“It was both of our dreams to play in the NFL and have successful careers,” he said. “I felt like I had a duty to do everything that he wanted to do that he never got an opportunity to.”
It’s why Carter keeps getting off the mat. He’s lost track of how many times he’s been cut since joining the league as a 5-foot-8 undrafted free agent out of Sacramento State in 2015. Five? Six?
Six is the answer. First by the Baltimore Ravens, then the Oakland Raiders, and twice by the New England Patriots and San Francisco 49ers. In late July, he was signed by the Eagles. The move seemed simply to be a matter of adding camp depth, but Carter has been making noise, and after a four-catch, 73-yard performance against the Cleveland Browns in the third preseason game, buzz has picked up about him possibly making the 53-man roster. [ESPN.com]
What does Aaron Rodgers’ contract mean for Carson Wentz?
Reuben Frank | NBCSports Philadelphia
While most people are stressing patience as it pertains to the health of Wentz, there are some reasons for the Eagles to feel a little pressure to get Wentz back into fighting shape. One of those is a long-term issue: Wentz is going to get major paid at some point, and that will put stress up and down the roster, forcing Roseman into some difficult decisions moving forward.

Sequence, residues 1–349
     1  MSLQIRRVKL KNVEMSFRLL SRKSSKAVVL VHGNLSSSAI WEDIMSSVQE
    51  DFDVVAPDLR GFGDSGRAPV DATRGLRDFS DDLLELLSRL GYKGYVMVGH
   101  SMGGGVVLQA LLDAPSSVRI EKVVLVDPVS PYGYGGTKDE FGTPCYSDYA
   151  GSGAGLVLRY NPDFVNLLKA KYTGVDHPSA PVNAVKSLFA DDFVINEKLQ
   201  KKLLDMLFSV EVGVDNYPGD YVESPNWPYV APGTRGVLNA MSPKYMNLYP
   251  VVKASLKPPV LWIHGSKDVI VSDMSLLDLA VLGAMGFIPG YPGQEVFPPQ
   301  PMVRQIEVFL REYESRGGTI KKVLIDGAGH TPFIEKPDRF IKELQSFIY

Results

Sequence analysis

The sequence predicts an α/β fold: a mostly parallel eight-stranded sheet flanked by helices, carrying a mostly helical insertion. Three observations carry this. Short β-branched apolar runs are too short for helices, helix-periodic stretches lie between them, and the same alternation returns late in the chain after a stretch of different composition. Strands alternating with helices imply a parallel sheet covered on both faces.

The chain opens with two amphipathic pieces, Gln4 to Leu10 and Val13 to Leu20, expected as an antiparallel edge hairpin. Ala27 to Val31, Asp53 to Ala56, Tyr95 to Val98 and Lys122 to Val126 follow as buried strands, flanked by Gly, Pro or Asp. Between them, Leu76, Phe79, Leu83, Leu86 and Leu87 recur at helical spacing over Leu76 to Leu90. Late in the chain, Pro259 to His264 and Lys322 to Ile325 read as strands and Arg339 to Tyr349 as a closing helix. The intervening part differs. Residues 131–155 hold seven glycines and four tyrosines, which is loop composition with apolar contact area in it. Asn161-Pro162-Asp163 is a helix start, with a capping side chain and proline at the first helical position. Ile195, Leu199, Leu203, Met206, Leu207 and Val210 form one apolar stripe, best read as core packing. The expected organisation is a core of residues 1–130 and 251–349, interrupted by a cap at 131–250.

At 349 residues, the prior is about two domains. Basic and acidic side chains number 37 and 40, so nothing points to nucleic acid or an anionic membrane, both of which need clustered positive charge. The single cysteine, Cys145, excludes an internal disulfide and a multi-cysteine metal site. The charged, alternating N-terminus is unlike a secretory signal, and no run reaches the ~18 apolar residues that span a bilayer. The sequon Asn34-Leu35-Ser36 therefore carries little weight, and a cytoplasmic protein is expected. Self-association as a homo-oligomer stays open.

And with Rodgers landing what is reportedly the biggest deal in NFL history, it’s not hard to see a future in which Wentz receives an all-time level deal.
Elite quarterbacks don’t come along very often, and Wentz was having an MVP season when he got hurt. Even missing the last 2½ games of the season, he set a franchise record with 33 touchdowns and became only the fifth QB in NFL history with 33 or more TDs and seven or fewer INTs in a season.